That said, the bands and audience that came out made the best of it for the most part. I certainly didn’t catch all of the acts but Friday night headliners The Last Vegas were fantastic. They went on again before the final acts on Saturday and both times played with tremendous energy and swagger. The band has instantly hooky material and has made sincere waves worldwide, garnering respect and loyalty within the hard rock world. If you’ve seen them live you know why. There was no band on the bill other than Skid Row that could match the raw power they brought to the proceedings and the guys played like they were in front of 30,000 fans. A great deal of their set was comprised of new songs from their soon to be released album “”Bad Decisions” which is even better than their last album “Whatever Gets You Off” (produced by Motley Crue’s Nikki Sixx). Vocalist Chad Cherry has obvious stage presence and the new material went over just as well as the songs they’ve gotten airplay with like “I’m Bad” or “Loose Lips”. There is something real and honest in the DNA of The Last Vegas because even when performing a lone cover song like “School’s Out” they were blistering and organic, so much so that it seemed drummer Nate Arling literally channeled original Alice Cooper drummer Neal Smith. You absolutely have to go see the band when they come to your town.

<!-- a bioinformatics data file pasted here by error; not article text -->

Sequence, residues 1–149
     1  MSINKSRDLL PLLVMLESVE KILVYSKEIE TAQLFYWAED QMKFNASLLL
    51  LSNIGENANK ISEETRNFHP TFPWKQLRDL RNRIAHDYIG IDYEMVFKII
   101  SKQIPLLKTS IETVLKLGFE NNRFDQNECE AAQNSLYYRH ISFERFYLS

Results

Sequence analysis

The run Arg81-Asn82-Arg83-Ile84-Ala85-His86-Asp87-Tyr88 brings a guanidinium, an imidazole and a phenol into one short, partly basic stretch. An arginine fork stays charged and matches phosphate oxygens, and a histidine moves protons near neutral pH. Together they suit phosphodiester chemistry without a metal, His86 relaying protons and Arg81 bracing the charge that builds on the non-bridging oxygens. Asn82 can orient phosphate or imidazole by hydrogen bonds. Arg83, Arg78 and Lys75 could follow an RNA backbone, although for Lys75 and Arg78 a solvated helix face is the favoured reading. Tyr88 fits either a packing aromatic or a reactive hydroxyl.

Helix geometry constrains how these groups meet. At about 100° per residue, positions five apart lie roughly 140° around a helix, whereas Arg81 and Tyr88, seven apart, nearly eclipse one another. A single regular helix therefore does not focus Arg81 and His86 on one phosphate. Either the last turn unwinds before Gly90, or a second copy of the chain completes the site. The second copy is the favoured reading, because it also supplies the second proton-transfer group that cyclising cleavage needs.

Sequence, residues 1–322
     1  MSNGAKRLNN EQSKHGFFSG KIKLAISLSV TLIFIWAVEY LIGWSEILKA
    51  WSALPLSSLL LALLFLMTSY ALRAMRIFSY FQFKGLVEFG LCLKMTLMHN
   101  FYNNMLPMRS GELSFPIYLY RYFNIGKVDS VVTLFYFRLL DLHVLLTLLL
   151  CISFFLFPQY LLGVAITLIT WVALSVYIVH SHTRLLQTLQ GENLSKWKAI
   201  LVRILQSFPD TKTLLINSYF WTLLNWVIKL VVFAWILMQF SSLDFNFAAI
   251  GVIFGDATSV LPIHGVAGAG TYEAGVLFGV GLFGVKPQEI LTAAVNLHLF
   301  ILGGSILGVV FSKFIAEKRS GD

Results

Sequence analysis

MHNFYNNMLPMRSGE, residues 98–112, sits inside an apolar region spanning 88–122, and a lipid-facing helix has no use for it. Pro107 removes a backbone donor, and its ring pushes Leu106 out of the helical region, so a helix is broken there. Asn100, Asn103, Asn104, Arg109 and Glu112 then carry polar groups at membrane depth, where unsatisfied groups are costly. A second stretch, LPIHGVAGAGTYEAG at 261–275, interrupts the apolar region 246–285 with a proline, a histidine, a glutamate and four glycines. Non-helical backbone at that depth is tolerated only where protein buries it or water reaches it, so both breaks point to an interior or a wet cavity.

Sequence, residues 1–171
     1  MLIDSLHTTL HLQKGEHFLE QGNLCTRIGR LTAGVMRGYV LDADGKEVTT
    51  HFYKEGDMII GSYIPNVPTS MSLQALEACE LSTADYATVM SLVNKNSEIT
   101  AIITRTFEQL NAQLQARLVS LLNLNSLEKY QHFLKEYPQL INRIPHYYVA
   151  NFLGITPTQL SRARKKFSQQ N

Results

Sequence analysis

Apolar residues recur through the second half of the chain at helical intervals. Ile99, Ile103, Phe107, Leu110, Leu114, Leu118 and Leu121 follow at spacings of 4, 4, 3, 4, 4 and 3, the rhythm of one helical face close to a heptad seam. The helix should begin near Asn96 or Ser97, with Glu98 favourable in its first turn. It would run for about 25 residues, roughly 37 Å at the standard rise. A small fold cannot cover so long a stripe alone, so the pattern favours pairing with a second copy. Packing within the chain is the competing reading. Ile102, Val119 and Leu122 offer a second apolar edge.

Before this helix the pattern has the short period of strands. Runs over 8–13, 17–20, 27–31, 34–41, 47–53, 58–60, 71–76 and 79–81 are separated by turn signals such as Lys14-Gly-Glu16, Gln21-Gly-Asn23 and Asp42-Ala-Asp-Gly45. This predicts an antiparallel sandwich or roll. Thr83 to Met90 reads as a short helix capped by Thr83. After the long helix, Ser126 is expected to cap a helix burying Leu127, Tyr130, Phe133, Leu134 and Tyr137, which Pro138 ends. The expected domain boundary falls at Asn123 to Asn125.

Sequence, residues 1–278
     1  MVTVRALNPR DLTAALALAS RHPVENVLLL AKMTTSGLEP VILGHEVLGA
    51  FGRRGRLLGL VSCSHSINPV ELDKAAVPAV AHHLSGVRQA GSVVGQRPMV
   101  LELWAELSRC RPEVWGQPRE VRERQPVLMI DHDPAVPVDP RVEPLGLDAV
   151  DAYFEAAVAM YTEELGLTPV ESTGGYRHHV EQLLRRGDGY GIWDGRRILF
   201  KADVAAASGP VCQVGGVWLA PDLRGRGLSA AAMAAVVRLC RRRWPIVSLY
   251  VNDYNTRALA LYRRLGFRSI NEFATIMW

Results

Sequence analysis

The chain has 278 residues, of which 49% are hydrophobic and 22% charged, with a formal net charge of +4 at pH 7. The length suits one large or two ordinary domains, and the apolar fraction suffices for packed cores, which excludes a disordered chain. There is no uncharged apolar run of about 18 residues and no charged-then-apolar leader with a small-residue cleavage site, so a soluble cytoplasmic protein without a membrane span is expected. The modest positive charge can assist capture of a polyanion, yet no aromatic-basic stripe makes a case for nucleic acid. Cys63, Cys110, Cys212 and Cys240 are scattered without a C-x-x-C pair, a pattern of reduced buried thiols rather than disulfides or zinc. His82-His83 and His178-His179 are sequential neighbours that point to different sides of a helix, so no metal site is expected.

Hessler kicking ass at Rock'n the Valley

Hessler kicking ass, photo by Michelle Parks